***VIDEO*** Senator Menendez Sends Message to Trump for IRS Commissioner Nominee: Stop Targeting New Jersey Taxpayers

***VIDEO*** Senator Menendez Sends Message to Trump for IRS Commissioner Nominee: Stop Targeting New Jersey Taxpayers

Fights back against Trump Tax Bill that increased the property tax burden on hundreds of thousands of New Jerseyans

WASHINGTON, D.C. – Yesterday, U.S. Senator Bob Menendez, a senior member of the Senate Finance Committee that sets national tax policy, grilled President Trump’s nominee for IRS Commissioner, Charles Rettig, about the Trump Administration’s repeated efforts to increase the property tax burden on middle-class New Jerseyans.  Senator Menendez criticized the IRS’s recent guidance that appears to target only blue-sates, like New Jersey, that have developed charitable state-tax credit programs, while ignoring 32 other states, many of which are conservative, that operate similar or nearly identical programs for years.

“This is a serious issue that could raise property tax burdens and sow confusion for hundreds of thousands of New Jerseyans.  And they deserve a clear answer,” said Sen. Menendez. Mr. Rettig pledged to treat New Jersey and all states equally regardless of political leaning and implied that some so-called red-state charitable programs could be in noncompliance with the new Trump Tax Law.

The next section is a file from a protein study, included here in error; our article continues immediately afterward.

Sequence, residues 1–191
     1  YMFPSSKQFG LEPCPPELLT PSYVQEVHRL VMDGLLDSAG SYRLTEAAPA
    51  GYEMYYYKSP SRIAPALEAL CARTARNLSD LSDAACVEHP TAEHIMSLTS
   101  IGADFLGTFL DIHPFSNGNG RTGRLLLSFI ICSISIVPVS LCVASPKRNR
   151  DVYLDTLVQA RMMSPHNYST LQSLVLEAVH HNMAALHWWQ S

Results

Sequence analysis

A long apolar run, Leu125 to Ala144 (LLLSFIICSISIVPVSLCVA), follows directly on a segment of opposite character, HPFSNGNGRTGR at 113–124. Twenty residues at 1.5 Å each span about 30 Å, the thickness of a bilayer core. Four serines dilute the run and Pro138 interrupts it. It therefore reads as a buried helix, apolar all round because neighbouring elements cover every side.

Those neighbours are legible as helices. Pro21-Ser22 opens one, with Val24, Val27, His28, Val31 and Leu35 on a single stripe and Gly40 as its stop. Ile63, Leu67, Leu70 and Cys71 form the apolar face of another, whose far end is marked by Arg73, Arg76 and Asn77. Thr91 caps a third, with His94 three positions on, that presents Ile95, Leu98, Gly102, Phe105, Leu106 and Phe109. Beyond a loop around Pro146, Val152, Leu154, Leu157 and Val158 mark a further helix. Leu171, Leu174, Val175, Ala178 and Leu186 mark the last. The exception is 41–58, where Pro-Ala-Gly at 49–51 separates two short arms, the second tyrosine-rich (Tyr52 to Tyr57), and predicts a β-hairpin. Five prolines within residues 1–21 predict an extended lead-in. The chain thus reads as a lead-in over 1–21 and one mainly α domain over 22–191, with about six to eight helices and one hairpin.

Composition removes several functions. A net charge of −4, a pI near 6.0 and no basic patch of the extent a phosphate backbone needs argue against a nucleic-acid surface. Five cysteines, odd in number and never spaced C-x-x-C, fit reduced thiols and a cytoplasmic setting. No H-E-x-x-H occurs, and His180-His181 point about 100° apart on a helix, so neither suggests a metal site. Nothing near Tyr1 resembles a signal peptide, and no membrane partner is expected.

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Sen. Menendez concluded by warning Mr. Rettig from using the IRS as a political weapon.  “The one thing I don’t want to see is the IRS weaponized against states like mine.   It’s either good for everyone, the 32 states that have been doing this, and the District of Columbia, or it’s good for nobody.”

The Republican federal tax law, which passed the Senate on a strictly party-line vote, will hurt many New Jersey taxpayers who pay more than $10,000 in state and local property taxes.  Estimates indicate that more than one-in-10 New Jersey households will see an increase in their federal income taxes.

Sen. Menendez is the author of legislation in the U.S. Senate to fully restore the State and Local Tax Deduction (SALT). He also led the New Jersey Congressional delegation’s response to the recent announcement by the Internal Revenue Service (IRS) that it intends to issue new rules to effectively block New Jersey’s efforts to protect its taxpayers from the Trump Tax Law’s $10,000 cap on SALT deductions, resulting in the double-taxing of up to 1.8 million, or 40 percent of New Jersey taxpayers. 

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